Throughout American fashion designer Calvin Klein's 35-year career, he has been "dogged by rumors about his sexuality, illnesses, illicit drug use and shady business dealings," writes New York Post fashion reporter Marsh, who presumably had a front-row seat. Nevertheless, this unauthorized book, which the author refers to as a "business biography," offers little inside information about any of these issues as it tracks Klein and his partner Barry Schwartz's success in creating and transforming Calvin Klein Inc. from a manufacturing company to a design, licensing and marketing firm, which in its last years was averaging earnings of about $3 billion annually. (The company was sold to Phillips-Van Heusen in early 2003.) Marsh presents her material about the company's evolution in chronological order, exploring how it either tapped into or redirected American fashion trends over the past 30 years-including, of course, the placement of logos on everything from T-shirts to underwear. But she explains little about the man behind the initials-and even less about the people he interacted with. All the major players, in fact, are described in tabloid terms. Klein and Schwartz, for example, are repeatedly described as either the "scrappy" or "street-savvy" "duo from the Bronx." Rapper Marky Mark, who was featured in Klein's print advertisements for underwear and jeans, is "the boyish man." And Klein foe Linda Wachner, former CEO of the Warnaco Group Inc. (which licensed Calvin Klein underwear) is described as "the ball-busting blonde." Business readers looking for a quick history of the American fashion scene since 1970 may find this book appealing. However, general readers looking for lifestyles of the rich and famous will be disappointed. (Aug.) Copyright 2003 Reed Business Information.
From the Publisher
Throughout American fashion designer Calvin Klein's 35-year career, he has been "dogged by rumors about his sexuality, illnesses, illicit drug use and shady business dealings," writes New York Post fashion reporter Marsh, who presumably had a front-row seat. Nevertheless, this unauthorized book, which the author refers to as a "business biography," offers little inside information about any of these issues as it tracks Klein and his partner Barry Schwartz's success in creating and transforming Calvin Klein Inc. from a manufacturing company to a design, licensing and marketing firm, which in its last years was averaging earnings of about $3 billion annually. (The Company was sold to Phillips-Van Heusen in early 2003.) Marsh presents her material about the company's evolution in chronological order, exploring how it either tapped into or redirected American fashion trends over the past 30 years-including, of course, the placement of logos on everything from T-shirts to underwear. But she explains little about the man behind the initials - and even less about the people he interacted with. All the major players, in fact, are desc ribed in tabloid terms. Klein and Schwartz, for example, are repeatedly described as either the "scrappy" or "street-savvy" "duo from the Bronx." Rapper Marky Mark, who was featured in Klein's print advertisements for underwear and jeans, is "the boyish man." And Klein foe Linda Wachner, former CEO of the Warnaco Group Inc. (which licensed Calvin Klein underwear) is described as "the ball-busting blonds." Business readers looking for a quick history of the American fashion scene since 1970 may find this book appealing. However, general readers looking for lifestyles of the rich and famous will be disappointed. (Aug.) (Publishers Weekly, July 21, 2003)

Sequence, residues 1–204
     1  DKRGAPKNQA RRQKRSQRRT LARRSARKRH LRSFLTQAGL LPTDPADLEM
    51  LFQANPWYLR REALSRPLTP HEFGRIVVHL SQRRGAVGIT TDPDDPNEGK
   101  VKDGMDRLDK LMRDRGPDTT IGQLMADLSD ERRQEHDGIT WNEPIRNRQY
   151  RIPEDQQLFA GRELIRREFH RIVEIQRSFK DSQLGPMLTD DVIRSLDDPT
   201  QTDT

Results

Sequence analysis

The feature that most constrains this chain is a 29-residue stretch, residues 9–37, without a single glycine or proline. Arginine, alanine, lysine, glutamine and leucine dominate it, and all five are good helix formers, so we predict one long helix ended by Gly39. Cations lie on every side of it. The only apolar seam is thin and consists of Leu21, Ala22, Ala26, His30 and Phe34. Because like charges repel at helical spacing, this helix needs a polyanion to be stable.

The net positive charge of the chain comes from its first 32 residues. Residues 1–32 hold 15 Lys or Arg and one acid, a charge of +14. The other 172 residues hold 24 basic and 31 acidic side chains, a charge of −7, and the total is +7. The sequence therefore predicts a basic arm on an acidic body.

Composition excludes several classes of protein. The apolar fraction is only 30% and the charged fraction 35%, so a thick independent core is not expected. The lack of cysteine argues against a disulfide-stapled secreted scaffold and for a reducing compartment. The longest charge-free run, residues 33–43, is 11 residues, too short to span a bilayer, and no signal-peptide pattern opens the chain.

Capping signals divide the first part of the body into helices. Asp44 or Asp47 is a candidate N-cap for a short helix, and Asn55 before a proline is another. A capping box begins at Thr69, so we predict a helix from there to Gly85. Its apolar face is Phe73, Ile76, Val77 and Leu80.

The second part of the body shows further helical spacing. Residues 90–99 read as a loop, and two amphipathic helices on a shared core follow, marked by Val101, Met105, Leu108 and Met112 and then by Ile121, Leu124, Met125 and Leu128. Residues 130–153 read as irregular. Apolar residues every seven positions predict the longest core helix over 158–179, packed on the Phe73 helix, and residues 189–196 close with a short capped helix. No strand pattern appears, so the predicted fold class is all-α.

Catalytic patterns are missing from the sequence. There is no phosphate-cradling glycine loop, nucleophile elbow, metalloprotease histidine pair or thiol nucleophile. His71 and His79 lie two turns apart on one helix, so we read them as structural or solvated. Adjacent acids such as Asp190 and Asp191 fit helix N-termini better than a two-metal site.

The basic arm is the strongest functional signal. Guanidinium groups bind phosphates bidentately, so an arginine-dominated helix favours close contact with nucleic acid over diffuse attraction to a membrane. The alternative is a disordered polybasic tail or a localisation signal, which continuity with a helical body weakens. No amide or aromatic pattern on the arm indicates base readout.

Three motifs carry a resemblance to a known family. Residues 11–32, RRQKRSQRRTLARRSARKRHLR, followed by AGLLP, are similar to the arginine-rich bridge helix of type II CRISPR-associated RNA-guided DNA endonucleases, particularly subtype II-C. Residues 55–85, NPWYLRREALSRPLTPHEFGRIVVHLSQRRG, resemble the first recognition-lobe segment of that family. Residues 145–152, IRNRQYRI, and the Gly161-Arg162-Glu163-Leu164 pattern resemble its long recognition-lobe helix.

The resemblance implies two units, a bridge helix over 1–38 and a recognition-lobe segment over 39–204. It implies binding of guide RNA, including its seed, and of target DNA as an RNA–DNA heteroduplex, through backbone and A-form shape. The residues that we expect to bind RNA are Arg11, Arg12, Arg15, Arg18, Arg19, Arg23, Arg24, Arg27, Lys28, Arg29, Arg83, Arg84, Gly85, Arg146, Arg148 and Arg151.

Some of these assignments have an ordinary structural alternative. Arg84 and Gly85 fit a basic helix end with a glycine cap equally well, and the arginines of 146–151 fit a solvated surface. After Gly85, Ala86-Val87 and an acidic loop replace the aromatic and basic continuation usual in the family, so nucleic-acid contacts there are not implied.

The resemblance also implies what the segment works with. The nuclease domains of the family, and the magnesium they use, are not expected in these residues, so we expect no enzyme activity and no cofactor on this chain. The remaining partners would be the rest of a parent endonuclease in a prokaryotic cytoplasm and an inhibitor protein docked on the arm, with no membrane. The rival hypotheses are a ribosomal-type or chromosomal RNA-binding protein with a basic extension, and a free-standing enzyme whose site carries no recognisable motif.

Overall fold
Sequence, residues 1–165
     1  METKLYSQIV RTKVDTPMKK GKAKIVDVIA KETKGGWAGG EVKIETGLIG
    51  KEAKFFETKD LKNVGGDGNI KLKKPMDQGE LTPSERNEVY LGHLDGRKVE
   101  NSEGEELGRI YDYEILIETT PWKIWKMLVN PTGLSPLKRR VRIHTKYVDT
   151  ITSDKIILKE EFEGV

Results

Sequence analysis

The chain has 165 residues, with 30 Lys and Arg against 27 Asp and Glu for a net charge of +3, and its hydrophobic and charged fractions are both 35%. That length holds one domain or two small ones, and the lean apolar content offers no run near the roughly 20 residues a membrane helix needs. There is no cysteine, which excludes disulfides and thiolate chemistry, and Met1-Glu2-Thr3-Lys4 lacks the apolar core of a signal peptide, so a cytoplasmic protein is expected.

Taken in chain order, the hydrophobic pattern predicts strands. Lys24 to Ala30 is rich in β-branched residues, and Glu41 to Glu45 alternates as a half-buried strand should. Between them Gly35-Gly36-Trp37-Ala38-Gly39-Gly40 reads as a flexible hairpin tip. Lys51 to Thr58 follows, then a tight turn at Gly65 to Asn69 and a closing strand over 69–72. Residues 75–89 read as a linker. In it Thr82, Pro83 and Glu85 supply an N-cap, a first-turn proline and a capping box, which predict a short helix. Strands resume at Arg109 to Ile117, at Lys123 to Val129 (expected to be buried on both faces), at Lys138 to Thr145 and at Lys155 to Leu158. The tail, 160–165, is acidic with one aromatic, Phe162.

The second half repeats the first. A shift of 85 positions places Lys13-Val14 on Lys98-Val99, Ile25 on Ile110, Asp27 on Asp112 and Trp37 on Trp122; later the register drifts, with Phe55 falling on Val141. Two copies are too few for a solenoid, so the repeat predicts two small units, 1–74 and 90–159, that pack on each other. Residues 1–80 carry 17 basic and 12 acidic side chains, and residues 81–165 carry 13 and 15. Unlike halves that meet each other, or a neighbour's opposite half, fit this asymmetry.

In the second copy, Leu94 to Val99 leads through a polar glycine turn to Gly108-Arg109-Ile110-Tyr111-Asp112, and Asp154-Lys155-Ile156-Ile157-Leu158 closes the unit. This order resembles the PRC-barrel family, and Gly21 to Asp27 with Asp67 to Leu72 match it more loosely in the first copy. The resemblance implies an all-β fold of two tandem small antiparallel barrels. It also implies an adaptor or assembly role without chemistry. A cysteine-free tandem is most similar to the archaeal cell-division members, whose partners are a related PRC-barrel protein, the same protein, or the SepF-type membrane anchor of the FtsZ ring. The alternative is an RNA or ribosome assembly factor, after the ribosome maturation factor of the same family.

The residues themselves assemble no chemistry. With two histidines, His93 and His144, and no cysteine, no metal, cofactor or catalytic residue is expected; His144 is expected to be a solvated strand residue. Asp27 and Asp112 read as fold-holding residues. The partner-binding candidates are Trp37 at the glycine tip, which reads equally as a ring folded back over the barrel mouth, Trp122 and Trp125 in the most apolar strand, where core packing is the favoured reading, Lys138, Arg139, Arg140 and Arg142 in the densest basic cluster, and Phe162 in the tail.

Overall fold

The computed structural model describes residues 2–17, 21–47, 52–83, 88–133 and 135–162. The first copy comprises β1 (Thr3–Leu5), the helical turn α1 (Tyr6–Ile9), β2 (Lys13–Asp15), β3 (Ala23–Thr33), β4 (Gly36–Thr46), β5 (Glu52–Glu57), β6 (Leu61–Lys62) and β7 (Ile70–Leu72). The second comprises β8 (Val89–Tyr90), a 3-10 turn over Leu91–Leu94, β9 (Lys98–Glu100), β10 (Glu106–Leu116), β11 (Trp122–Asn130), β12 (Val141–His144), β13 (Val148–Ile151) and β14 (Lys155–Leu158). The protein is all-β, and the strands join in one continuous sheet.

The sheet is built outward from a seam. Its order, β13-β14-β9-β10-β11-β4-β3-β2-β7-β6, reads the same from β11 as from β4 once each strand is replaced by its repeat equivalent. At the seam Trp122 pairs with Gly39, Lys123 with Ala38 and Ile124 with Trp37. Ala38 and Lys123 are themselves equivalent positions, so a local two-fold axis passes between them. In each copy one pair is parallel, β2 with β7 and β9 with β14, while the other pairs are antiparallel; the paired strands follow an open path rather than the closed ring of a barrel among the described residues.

"...your going to love the House of Klein..." (Harpers & Queen, September 2003)

"...it captures beautifully the long hours of hard work and the joy of success..." (Management Today, September 2003)

"...this book offers an informed, insider's account of the defining moments of a fashion legends life..." (Luton News, 10 September 2003)

[the book] "reveals fashion's bottom line". (USA Today, September 29, 2003)

"...this investigation of the controversial New York designer focuses on the business dealings..." (Hot Stars, 11 October 2003)

Product Details

ISBN-13:
9780471478959
Publisher:
Wiley
Publication date:
05/04/2004
Sold by:
Barnes & Noble
Format:
NOOK Book
Pages:
232
File size:
2 MB

Meet the Author

LISA MARSH has worked in the fashion industry for more than a decade. She began her career in journalism writing financial news stories for the fashion industry bible Women’s Wear Daily and its brother paper, DNR. She focused on the bottom line instead of the hemline while covering the fashion and retail beat for the New York Post’s business section and was a correspondent for Full Frontal Fashion Daily on MetroTV. She is also a regular contributor to the Australian newspaper. She lives in New York City.